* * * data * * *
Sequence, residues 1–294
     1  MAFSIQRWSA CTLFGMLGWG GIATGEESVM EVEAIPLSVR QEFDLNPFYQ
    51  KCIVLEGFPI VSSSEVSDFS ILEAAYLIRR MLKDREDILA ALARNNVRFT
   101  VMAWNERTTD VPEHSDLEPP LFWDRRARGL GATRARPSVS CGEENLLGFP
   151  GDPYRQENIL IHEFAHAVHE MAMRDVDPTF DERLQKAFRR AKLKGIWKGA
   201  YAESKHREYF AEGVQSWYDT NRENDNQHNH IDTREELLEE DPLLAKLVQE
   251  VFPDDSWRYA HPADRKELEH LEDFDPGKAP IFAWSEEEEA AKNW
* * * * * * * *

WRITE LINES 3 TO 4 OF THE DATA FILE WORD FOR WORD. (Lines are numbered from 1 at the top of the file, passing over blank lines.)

    51  KCIVLEGFPI VSSSEVSDFS ILEAAYLIRR MLKDREDILA ALARNNVRFT
   101  VMAWNERTTD VPEHSDLEPP LFWDRRARGL GATRARPSVS CGEENLLGFP